Rabbits, Warrens, Conigres

Bradford on Avon, Wiltshire


rabbit at Turleigh


Rabbits, Oryctolagus cuniculus, are considered a common feature of local wildlife, but were first introduced into Britain from the Iberian Peninsula during the Roman period. They are in decline in Spain and Portugal now and their conservation status there has been considered to be ‘Threatened’.

They appeared to have died out after the Romans and had to be re-introduced after the Norman Conquest in the 11th century. During the medieval period farming them had a great economic and status importance, as they provided a source of meat and fur.

The right to maintain a rabbit warren was strictly controlled and jealously guarded. The Abbess of Shaftesbury was granted Free Warren in the Abbey’s manor of Bradford in 1293, but this is likely to refer to hunting and not just of rabbits. A rabbit warren was an artificial home for farming rabbits, with ‘pillow mounds’ – low rectangular mounds constructed for them to live in. A warrener may have been employed to look after the rabbits’ welfare and security and to harvest them. What he did with them is not certain as it would have taken a couple of days for them to reach the nuns’ table in Shaftesbury, Dorset.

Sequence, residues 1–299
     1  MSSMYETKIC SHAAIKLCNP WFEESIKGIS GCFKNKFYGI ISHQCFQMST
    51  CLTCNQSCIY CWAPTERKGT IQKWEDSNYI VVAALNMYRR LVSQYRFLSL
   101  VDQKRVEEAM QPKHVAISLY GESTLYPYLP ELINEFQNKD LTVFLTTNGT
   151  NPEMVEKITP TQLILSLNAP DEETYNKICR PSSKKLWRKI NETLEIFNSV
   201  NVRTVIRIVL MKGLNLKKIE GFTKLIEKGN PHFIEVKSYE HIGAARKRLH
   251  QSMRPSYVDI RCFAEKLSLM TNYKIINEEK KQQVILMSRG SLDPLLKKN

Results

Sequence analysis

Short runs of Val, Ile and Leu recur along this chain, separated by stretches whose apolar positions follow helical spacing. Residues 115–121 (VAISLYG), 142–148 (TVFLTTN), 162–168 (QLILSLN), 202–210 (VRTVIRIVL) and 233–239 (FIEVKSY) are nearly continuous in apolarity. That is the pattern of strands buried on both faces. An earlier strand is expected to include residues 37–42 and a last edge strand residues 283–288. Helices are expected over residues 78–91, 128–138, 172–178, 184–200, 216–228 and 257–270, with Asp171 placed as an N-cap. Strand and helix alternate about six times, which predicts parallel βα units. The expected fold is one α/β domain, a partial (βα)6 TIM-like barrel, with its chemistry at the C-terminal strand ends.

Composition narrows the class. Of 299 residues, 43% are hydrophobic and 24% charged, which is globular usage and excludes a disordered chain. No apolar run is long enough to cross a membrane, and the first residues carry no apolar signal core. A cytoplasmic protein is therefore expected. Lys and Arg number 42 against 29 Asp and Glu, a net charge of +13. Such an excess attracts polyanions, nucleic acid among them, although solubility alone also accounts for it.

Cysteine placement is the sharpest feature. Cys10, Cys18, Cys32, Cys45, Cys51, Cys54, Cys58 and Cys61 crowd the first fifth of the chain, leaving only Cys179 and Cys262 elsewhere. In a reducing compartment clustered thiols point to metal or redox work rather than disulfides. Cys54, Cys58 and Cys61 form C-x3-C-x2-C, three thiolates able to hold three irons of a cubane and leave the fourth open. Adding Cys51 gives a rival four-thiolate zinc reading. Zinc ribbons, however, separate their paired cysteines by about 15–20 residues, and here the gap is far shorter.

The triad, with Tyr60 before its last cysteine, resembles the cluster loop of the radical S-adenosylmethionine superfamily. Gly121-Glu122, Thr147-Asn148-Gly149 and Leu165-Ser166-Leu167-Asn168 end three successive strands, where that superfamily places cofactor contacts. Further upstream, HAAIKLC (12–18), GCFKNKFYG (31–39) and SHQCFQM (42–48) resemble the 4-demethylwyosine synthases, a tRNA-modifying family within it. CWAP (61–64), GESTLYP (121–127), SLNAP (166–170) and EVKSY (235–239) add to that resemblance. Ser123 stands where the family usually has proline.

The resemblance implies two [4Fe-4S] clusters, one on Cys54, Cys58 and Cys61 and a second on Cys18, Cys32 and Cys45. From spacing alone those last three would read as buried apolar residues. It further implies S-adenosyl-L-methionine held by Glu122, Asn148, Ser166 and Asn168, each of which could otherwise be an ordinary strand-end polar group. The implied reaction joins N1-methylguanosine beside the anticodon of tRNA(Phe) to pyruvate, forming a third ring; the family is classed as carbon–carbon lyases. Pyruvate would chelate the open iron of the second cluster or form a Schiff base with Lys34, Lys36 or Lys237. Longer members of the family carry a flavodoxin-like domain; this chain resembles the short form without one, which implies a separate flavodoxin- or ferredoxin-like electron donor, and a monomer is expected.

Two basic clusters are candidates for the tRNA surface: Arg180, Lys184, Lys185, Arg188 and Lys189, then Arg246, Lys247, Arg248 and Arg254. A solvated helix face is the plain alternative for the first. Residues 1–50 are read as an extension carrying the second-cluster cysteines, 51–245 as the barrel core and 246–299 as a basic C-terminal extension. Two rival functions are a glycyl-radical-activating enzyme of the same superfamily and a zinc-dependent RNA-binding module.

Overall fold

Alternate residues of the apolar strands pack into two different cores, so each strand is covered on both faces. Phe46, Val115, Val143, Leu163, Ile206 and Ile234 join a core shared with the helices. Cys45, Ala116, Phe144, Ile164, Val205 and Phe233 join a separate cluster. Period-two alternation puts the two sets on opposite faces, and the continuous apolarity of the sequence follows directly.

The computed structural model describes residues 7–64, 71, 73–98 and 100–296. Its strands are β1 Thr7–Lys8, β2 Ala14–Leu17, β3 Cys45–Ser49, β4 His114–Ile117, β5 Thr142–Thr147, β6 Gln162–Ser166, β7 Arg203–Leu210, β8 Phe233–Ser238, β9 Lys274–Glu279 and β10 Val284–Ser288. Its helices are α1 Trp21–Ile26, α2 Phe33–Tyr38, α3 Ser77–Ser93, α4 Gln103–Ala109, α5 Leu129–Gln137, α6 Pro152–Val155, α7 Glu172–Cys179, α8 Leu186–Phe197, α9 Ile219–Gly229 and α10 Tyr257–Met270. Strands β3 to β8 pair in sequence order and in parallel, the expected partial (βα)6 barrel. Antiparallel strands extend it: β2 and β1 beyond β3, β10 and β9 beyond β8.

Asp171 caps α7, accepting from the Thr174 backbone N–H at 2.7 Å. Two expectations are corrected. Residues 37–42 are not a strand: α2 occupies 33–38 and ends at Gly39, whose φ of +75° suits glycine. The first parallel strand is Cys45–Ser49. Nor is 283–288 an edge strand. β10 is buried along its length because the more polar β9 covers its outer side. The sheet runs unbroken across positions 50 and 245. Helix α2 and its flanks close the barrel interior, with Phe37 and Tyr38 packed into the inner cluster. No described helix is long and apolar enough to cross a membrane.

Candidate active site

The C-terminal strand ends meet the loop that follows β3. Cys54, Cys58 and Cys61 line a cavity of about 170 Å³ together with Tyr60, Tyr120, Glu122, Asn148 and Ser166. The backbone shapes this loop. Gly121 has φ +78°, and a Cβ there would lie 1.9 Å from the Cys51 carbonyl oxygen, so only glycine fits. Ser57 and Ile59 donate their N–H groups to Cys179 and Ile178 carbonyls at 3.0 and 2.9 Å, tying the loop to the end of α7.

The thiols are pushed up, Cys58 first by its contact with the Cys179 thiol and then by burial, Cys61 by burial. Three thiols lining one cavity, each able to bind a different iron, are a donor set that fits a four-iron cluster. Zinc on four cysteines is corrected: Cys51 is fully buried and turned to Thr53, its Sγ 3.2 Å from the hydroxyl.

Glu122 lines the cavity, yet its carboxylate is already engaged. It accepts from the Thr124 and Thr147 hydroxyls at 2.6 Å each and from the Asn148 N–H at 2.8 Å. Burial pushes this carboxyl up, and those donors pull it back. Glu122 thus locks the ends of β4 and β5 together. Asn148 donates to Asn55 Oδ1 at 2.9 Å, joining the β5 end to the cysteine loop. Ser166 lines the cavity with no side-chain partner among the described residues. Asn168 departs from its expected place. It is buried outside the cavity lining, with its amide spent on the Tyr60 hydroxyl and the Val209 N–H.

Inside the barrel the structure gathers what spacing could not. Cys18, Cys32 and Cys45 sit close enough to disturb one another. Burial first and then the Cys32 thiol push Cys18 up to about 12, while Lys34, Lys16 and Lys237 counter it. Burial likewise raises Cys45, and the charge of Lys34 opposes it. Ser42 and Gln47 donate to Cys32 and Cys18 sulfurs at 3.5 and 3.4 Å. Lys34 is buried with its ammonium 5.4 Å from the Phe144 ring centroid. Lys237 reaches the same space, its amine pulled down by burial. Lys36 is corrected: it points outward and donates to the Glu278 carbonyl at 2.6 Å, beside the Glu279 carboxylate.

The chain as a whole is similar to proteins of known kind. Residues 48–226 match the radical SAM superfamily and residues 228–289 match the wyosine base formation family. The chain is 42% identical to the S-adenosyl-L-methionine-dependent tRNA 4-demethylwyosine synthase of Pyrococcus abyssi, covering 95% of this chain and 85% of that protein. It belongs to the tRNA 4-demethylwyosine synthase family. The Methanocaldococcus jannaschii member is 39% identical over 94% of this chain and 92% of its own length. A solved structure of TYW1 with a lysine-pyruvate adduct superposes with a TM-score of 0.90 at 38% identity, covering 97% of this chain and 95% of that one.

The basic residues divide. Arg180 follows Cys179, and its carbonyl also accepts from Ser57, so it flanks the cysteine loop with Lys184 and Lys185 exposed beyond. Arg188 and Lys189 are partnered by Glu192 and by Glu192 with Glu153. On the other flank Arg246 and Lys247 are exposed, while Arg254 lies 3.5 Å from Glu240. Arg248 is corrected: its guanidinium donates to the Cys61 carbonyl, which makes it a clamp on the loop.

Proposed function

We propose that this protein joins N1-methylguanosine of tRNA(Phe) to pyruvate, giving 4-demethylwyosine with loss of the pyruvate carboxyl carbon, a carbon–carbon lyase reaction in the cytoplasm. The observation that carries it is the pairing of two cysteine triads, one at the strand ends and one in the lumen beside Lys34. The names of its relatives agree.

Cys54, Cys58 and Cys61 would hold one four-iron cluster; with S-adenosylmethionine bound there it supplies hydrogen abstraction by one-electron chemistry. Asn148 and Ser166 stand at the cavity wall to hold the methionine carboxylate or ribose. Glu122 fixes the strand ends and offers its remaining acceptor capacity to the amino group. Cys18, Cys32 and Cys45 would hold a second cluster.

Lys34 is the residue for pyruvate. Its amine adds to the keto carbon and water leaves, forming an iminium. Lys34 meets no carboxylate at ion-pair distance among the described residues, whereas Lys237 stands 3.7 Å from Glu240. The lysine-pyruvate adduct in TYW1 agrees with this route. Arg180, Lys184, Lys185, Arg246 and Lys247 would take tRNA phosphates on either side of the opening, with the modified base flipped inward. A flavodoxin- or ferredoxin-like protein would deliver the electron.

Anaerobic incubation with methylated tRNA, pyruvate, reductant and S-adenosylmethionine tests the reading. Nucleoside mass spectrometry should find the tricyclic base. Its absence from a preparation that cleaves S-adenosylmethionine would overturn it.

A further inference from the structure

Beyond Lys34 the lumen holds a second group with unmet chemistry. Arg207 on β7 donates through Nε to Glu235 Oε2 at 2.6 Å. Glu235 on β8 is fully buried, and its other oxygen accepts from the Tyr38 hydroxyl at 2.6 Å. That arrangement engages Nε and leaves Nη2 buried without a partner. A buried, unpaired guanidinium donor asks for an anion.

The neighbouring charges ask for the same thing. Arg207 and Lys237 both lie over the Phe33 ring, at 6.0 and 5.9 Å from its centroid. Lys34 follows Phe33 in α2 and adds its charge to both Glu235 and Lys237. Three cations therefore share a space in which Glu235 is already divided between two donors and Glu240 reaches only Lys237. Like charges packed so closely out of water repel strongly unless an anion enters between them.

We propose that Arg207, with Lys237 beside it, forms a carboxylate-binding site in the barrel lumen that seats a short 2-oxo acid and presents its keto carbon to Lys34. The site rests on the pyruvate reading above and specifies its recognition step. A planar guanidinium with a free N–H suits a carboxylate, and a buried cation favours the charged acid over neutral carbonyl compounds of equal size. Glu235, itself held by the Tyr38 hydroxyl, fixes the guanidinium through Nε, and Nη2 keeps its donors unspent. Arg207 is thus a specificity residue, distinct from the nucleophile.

In this part of Wessex the word conigre  (sometimes conigree, coneygar and other variations, originally coney-garth) is used for a warren and this occurs as place names in Bradford, notably at Conigre Hill. Bumps in a field called Conigree that was mentioned in 1811 in Budbury, next to Conigre Hill, may have been the remains of pillow mounds that belonged to the Abbey’s estate. There was also a field called Conigre in Winsley.

Inevitably, rabbits escaped and strains that were adapted to survive in the wild developed the basis for a population that meant rabbit became a meat of the poor rather than their lords.